The Crucible

Diversity, Multiculturalism, and Inclusion

By Samantha Callender

 The world we live in today requires an open mind. Being accepting of thoughts and perspectives that are not of our own, allow us to expand our horizons and deepen our sense of self and our environment. Key elements to respect and be receptive to are diversity, multiculturalism, and inclusion. While all of these terms play an interconnected role, they each hold their own in the sense of meaning and application. Each element can stand alone and make an impact, but when they come together, they exhibit such power.

Diversity is often times references to cultural differences among us, but diversity is relevant to the differences in multiple aspects of life: ideas, experiences, and perspectives. Applying inclusion to this term, when we learn to incorporate the diverse aspects of the world that others can bring, we can strengthen our understanding of not only a specific person, but of the environment from which they come. Innovative and new ideas often emerge from the convergence of different perspective and ideals—when we continue to express and incorporation ways of thinking that are beyond our physiological and environmental bounds, we are birthing the opportunity to revolutionize the world we live in.

Multiculturalism is a term where the application of a diverse perspective and reception can be carried out. Multiculturalism is the appreciation of multiple cultures. Either by applying the viewpoints of these cultures, or simply having an understanding for cultures that are different from our ways of life, multiculturalism forces us to broaden our horizons and respect those people and things which are different from us.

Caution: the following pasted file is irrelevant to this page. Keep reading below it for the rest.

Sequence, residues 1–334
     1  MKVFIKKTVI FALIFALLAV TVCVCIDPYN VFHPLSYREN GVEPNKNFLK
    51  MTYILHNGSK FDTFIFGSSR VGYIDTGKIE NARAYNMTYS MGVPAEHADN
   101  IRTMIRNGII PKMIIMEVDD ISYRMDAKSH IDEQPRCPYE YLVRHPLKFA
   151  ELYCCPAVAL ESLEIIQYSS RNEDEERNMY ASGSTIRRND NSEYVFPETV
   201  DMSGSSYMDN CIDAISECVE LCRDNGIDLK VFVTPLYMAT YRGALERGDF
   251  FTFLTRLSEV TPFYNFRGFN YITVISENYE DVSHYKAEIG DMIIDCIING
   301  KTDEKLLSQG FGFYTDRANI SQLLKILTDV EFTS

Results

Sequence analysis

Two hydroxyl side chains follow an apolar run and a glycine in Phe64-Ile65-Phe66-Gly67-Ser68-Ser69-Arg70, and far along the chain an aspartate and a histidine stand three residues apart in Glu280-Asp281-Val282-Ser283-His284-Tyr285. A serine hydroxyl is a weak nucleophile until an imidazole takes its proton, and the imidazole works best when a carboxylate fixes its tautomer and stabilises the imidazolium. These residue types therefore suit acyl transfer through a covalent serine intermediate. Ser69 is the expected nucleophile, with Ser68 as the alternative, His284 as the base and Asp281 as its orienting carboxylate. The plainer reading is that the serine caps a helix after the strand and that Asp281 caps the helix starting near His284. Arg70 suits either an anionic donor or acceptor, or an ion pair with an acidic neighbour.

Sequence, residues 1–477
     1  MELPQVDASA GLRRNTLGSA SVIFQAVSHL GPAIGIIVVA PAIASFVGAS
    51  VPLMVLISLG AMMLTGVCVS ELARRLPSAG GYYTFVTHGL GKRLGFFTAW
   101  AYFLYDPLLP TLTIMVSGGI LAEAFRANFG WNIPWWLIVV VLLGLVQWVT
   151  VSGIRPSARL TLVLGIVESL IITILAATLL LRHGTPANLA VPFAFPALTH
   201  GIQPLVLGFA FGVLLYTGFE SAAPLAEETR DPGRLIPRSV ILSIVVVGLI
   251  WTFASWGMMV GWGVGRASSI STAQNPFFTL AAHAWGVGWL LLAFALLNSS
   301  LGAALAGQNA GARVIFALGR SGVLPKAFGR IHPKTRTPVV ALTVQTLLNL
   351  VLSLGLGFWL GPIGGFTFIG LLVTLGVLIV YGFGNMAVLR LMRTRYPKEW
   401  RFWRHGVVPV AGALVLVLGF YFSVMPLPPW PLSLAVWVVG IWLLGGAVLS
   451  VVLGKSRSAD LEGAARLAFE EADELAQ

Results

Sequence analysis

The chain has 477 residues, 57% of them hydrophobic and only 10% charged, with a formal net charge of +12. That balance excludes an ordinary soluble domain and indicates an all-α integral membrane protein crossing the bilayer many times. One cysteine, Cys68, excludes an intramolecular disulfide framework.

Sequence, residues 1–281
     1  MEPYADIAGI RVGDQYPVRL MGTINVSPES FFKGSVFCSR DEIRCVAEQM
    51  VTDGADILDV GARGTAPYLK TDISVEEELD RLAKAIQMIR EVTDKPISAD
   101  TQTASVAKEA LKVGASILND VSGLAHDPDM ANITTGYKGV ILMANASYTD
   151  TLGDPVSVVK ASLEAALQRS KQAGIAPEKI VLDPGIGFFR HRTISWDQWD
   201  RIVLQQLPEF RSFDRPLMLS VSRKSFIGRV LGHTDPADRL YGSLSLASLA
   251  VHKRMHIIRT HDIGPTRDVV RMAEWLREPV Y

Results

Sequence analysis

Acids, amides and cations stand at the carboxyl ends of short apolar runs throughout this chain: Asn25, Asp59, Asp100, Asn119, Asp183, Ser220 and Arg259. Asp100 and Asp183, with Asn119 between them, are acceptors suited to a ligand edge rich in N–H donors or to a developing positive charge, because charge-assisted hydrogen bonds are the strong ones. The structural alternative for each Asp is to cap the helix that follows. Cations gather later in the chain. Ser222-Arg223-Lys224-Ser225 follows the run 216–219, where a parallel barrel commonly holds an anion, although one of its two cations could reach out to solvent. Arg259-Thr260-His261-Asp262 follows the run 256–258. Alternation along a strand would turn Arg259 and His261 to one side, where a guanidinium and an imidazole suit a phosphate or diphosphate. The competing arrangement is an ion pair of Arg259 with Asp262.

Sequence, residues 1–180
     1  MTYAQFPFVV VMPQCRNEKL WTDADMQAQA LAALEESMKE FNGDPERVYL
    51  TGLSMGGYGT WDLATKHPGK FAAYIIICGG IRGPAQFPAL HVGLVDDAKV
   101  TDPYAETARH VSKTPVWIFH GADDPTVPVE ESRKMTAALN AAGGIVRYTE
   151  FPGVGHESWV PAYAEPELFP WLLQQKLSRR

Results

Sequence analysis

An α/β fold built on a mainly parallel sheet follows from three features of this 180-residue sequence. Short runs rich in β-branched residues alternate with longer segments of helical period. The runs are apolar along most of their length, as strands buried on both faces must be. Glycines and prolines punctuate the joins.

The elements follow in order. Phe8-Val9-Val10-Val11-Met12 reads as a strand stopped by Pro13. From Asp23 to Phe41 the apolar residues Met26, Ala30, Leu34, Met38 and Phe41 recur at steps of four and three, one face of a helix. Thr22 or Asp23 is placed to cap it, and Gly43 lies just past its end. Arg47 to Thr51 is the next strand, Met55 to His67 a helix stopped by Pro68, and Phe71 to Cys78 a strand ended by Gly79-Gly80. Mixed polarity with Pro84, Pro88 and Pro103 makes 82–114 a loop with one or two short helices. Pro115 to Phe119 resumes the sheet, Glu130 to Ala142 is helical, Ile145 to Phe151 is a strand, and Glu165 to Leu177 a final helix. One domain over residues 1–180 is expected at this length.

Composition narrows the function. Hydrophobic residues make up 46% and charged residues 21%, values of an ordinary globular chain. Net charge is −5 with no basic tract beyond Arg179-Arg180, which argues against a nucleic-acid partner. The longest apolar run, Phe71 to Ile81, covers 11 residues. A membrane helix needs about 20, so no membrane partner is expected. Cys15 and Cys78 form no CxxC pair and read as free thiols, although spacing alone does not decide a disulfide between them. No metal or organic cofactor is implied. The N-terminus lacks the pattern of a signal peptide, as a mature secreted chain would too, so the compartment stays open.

The term that can encompasses both multiculturalism and diversity is inclusion. Inclusion, simply put, is the state of including and incorporating all elements of an environment that are present. This meaning that all things that are an environment should be used to benefit the greater good of that environment. Applying this concept to life, we should use the ideas expressed by those around to influence our decisions—seeing things through another perspective. Not meaning that those perspectives should be taken as truths or as our own, but that we should make the best effort to understand them. Opening our eyes to what is around us and what others think and believe allows us to help meet each other’s needs and deeper understand where each of us are coming from.

Following the 1961 implementation of Executive Order 10925 by President John F. Kennedy, which later became known as the Affirmative Action policy, efforts to appreciate and implement diversity in society have been stronger than ever. The primary purpose of affirmative action being to ensure that “[people] are treated equally without regard to race, color, religion, sex, or national origin” when it came to the application process for a job or admittance into an institution, it also was an order than began to change the perspectives of others towards those who differ from us. In the time immediately following the Affirmative Action policy, America began to make efforts to try to understand and embrace the diversity it holds, and to also make the rest of the nation begin to see it also.

Today, Diversity and multiculturalism seem to be a major concern in all aspects of life. From educational classes and the subjects, to the aesthic consequences of the two, diversity and multiculturalism play a major role as to who we all are today—regardless of whether or not we feel as though our subcultures are very diverse or not.

Advertisements
This entry was published on April 27, 2011 at 9:49 am. It’s filed under Features, Features and tagged . Bookmark the permalink. Follow any comments here with the RSS feed for this post.

Leave a Reply

Fill in your details below or click an icon to log in:

WordPress.com Logo

You are commenting using your WordPress.com account. Log Out / Change )

Twitter picture

You are commenting using your Twitter account. Log Out / Change )

Facebook photo

You are commenting using your Facebook account. Log Out / Change )

Google+ photo

You are commenting using your Google+ account. Log Out / Change )

Connecting to %s

%d bloggers like this: